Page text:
Kinderculture: The Corporate Construction of Childhood

Kinderculture: The Corporate Construction of Childhood

Kinderculture: The Corporate Construction of Childhood

Kinderculture: The Corporate Construction of Childhood

Synopsis

Children and their parent's money are subject to an almost constant marketing pitch that sells games, videos, and a large volume of merchandise. The authors examine this modern consciousness changing culture in a multidisciplinary manner.

Excerpt

Shirley R. Steinberg and Joe L. Kincheloe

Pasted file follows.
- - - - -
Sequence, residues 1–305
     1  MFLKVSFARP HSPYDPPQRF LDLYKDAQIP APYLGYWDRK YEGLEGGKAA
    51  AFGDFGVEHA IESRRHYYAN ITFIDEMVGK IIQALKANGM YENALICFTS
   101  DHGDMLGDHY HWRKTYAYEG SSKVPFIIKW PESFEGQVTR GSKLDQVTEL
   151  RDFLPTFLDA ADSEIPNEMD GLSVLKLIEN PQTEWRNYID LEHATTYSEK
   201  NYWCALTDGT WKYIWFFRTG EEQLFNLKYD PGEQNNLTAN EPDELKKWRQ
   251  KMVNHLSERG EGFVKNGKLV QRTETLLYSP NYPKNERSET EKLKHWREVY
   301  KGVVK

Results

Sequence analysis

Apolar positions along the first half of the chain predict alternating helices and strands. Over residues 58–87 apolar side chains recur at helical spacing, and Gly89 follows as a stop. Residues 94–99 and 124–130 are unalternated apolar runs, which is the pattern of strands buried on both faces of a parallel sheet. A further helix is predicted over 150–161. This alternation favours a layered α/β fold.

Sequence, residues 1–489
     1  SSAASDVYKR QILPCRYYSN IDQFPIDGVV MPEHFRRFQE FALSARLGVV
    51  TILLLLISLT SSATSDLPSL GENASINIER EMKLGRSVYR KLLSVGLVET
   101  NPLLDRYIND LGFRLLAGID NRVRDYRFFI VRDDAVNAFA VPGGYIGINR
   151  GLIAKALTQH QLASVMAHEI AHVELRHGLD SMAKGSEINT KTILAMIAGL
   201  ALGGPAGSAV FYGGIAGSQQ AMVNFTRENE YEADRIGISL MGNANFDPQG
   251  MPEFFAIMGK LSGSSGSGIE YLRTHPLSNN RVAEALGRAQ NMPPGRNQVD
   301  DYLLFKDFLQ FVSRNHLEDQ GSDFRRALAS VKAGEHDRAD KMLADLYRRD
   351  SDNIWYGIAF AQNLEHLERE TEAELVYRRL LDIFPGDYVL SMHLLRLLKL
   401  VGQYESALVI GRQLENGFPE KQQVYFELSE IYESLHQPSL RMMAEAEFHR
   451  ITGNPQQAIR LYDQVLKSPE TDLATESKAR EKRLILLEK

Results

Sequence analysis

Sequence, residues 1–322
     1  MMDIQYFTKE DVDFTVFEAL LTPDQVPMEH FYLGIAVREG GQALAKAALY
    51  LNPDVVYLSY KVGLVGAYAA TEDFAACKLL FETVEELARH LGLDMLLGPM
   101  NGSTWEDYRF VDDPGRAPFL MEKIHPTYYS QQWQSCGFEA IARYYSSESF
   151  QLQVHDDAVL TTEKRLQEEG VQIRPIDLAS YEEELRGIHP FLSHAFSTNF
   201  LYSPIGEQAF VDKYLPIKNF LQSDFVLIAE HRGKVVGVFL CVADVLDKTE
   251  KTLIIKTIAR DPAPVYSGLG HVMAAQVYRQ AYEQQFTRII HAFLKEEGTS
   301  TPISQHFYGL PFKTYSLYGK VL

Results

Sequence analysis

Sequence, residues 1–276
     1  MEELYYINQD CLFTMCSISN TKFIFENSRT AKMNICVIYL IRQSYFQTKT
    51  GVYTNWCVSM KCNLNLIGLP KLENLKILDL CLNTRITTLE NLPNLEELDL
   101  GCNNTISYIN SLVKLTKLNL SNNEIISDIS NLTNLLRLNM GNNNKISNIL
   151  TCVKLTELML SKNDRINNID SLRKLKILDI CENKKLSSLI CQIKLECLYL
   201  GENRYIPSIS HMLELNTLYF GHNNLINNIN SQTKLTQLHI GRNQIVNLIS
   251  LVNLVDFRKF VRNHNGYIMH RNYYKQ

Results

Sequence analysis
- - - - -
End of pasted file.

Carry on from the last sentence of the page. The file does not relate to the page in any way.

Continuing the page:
The them of this book is very simple: New times have ushered in a new era of childhood. Evidence of this dramatic cultural change surrounds each of us, but many individuals have not yet noticed it. Unfortunately, many of the people who make their living studying or caring for children have not recognized this historical watershed. Furthermore, few observers have appreciated the fact that the information explosion so characteristic of our contemporary era has played a central role in undermining traditional notions of childhood. Those who have shaped, directed, and used the information technology of the late twentieth century have played an exaggerated role in the reformulation of childhood. Childhood is a social and historical artifact, not simply a biological entity. Many argue that childhood is a natural phase of growing up, of becoming an adult. The cardinal concept here involves the format of this human phase that has been produced by social, cultural, political, and economic forces operating upon it. Indeed, what is labeled as "a traditional Western childhood" in the last years of the twentieth century is only about 150 years old. In the Middle Ages, for example, children participated daily in the adult world gaining knowledge of vocational and life skills as a result. The concept of children as a particular classification of human beings demanding special treatment differing from adults had not yet developed in the Middle Ages.

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